For many people, watermelon is the epitome of summer treats (along with ice cream!) It’s cold, it’s full of water, low in calories, and goes well with a lot of other foods. Kids love it too!
But what about your cat? Watermelon seems like the kind of thing that would be really good for cats, if for no other reason than the high content of water which most cats don’t tend to get quite enough of in their daily diet. On the other hand, cats aren’t built to handle fruits and vegetables and watermelon still has a decently high amount of sugars which also aren’t good for cats. So, can cats eat watermelon?
Short answer: yes. And lots of cats like it too. It’s cold, it has a nice texture, and it keeps cats hydrated. Keep in mind though that your cat probably likes it for the water and the texture, not the flavor. Cats cannot taste anything sweet. But as long as you are only feeding your cat watermelon occasionally and in moderation, it’s probably safe.
Do Cats Like Watermelon?
It varies. Many cats do enjoy it, mostly because the texture is novel, easy to manage, and it has plenty of water in it. Other cats may just enjoy licking a slice and then wandering off. As with any other food, it will depend on your particular animal’s taste buds. For myself, I don’t think I’ve ever had a cat try to eat our watermelon, though I wouldn’t put it past my current cat to lick it a little if it was left within reach.
Do Cats Hate Watermelon?
No. Most cats probably won’t hate watermelon. They may be disinterested in it, but they probably won’t hate it. Again, it’s important to keep in mind that cats can’t taste the sweetness in the watermelon anyway, so if they dislike it, it’s likely due to the texture.
Can Watermelon Kill Cats?
Assuming that you don’t feed your cat huge piles of watermelon every day or that your cat isn’t deathly allergic to watermelon, it’s unlikely that it will kill your cat. However, there are some safety things to keep in mind when letting your cat partake in this summer fruit:
- Watermelon has about 6g of sugar in it per 100g of watermelon. It doesn’t sound like much; however, that’s a lot of sugar for one cat to have regularly. Too much sugar and carbs in a cat’s diet can quickly lead to obesity and diabetes, so make sure to limit intake.
- Any watermelon given to cats should be 100% seedless. The seeds in watermelon are problematic for two reasons: they are a choking hazard, and they contain a trace amount of cyanide in them. For humans, this is no big deal. For cats, it could be enough to make them quite ill and if they ate too many seeds, they would be fatally poisoned.
- Cats should never be offered the rind. It’s too hard to digest and they’ll end up with an upset stomach
- Watermelon should be given to cats as is’, with no extras to it. If you want to do something special, freeze a chunk and let them have it like a popsicle (so to speak). Beyond that, watermelon should be served plain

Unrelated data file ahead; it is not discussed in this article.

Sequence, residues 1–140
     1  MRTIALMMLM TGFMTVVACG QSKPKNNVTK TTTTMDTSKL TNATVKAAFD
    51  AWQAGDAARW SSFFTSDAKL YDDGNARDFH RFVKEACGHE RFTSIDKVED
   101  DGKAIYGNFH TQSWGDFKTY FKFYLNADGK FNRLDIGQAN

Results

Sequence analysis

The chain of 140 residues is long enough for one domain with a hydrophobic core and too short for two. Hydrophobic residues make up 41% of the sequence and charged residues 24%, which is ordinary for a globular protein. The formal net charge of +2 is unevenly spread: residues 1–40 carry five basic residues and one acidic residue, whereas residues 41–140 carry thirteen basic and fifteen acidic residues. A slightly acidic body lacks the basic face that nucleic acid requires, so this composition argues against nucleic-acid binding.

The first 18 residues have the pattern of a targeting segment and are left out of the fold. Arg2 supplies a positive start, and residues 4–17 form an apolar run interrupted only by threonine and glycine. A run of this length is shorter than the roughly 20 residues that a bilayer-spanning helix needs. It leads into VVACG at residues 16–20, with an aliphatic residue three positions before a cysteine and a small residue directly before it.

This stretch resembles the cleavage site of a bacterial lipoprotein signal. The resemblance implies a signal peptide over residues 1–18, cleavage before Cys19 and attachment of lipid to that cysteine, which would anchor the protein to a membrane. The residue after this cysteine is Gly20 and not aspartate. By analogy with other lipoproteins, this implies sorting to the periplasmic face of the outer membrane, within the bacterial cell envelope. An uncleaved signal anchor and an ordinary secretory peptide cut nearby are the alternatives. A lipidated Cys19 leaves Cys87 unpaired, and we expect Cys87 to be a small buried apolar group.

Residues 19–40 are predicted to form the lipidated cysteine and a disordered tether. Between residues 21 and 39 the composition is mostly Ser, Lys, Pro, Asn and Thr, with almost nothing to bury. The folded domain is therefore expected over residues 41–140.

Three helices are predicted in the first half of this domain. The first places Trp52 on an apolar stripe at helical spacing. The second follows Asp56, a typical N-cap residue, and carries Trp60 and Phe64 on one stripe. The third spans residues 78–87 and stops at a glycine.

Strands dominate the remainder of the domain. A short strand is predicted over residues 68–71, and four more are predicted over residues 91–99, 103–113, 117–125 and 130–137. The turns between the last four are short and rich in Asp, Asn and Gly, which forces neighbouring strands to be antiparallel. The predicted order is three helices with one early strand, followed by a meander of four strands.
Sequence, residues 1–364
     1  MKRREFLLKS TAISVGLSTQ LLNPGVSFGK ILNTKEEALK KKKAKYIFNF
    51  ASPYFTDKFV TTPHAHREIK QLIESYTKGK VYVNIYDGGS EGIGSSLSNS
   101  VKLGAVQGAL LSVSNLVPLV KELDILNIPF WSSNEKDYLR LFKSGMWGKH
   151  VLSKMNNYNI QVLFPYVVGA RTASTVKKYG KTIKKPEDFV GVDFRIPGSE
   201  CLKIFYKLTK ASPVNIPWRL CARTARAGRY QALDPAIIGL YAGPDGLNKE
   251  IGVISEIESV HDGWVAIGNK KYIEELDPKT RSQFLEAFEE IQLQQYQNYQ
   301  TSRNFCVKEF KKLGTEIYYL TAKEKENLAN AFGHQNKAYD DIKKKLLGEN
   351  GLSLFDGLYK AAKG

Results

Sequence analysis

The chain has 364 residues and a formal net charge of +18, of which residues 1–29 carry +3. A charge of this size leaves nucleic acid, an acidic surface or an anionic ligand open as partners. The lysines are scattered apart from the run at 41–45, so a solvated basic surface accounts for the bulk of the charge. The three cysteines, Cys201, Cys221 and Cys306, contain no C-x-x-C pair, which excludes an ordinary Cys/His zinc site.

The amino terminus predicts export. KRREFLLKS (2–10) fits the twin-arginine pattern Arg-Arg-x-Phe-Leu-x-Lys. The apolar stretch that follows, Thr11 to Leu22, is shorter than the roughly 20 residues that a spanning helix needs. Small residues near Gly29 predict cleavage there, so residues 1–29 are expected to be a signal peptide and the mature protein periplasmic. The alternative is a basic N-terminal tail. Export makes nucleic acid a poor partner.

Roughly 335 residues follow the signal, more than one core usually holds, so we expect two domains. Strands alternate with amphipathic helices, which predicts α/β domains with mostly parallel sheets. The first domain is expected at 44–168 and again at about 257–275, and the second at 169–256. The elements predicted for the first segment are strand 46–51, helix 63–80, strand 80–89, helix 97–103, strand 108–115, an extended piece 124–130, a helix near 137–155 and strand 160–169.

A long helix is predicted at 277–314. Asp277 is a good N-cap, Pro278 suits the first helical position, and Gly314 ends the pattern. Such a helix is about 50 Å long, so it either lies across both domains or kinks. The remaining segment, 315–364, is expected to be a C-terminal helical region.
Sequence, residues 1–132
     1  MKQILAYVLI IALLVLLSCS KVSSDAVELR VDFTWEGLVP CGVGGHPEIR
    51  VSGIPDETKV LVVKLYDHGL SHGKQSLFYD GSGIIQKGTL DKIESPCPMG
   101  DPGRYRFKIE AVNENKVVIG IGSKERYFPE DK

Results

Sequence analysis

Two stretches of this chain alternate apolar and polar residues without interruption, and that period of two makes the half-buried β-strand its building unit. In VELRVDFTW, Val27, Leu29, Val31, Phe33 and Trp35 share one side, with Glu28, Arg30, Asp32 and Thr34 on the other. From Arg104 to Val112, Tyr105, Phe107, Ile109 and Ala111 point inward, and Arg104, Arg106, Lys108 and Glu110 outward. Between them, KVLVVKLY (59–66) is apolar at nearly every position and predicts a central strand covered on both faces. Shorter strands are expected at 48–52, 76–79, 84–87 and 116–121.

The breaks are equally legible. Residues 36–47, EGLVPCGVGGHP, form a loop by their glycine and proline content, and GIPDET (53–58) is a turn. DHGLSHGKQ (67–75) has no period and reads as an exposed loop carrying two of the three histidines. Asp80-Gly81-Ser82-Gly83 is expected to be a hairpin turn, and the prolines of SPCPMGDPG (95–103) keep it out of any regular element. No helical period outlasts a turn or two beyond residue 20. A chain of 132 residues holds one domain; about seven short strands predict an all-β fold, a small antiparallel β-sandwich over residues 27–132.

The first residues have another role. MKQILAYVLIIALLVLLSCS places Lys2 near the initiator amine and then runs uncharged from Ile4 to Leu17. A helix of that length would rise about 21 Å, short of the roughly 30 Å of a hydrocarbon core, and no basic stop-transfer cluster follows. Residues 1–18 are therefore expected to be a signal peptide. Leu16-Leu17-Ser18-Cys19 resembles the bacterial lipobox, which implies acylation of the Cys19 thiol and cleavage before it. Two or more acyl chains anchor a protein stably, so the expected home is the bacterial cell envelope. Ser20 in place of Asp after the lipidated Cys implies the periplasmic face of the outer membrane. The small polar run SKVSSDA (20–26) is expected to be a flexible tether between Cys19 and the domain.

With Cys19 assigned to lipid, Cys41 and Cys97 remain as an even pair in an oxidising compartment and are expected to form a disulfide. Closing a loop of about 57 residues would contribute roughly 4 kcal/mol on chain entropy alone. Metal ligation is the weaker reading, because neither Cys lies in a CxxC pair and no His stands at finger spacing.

- If your cat has never had watermelon before, monitor for an allergic reaction such as itchiness, diarrhea, and vomiting
So long as you are serving a small portion of plain watermelon with no seeds or rinds and you only do it as a treat, watermelon should not be harmful to your cat in any way.
How Much Watermelon is Safe For Your Cat?
Cats are carnivores and as such, the majority of their food intake should be protein coming from properly formulated food. Watermelon can be treated as a treat and therefore, it should make up no more than 10% of their diet (and really should be a lot less since presumably, your cat has other treats too).
Cats shouldn’t have watermelon every day and when they do have some, it should only be one or two very small pieces. Any more than that can make your cat feel ill and makes it harder for them to eat their appropriate food.
The Health Benefits of Watermelon for Your Cat
Watermelons do have some nutritional value for cats, although since they can eat so little in one serving, they are for the most part fairly trace amounts. Still, a little benefit is better than none!
- Water. Watermelons are 92% water and as such can be used as a good way to hydrate cats, particularly those with mild constipation or very mild dehydration. It should not be used to replace their regular water or wet food, but it can provide a top-up.
- Vitamin A and C. Cats produce their own vitamin C, but Vitamin A is good for their skin
- Potassium. Potassium is important for good organ health
- Magnesium. Magnesium is good for muscle and bone health
- Fibre. Fiber is necessary for proper digestion and a bit of watermelon may help a cat move things along
Watermelon is also quite low in fat which makes it safe enough for cats to eat. It also doesn’t have as many carbs and sugars as a lot of other fruits.
Most of the vitamins and minerals though, aside from water, are in such trace amounts that a cat would have to eat way too much to get any sort of real benefit. However, it’s still worth providing as an occasional treat as these benefits are still something cats can use to top up their regular food. Watermelon again is particularly useful for very mild cases of constipation and dehydration. You can even just give a cat a bit of watermelon juice (liquid from the fruit, not juice from a bottle) on their dry food to encourage them to eat it.
In short, a small amount of watermelon fruit can be quite enjoyable for your cat to eat and absolutely safe. Do keep in mind that it does have sugars in it, so a cat with diabetes should not have it, and that it must be free from seeds and cut from the rind.
Otherwise, your cat may enjoy a small piece of watermelon from time to time, especially when it’s hot and sunny outside. And if your cat doesn’t like it, don’t worry about it.
There are much better treats and foods to feed your pet instead and keeping their water bowl topped up and using good quality canned food will do a lot of the hydration work for you.
Does your cat like watermelon?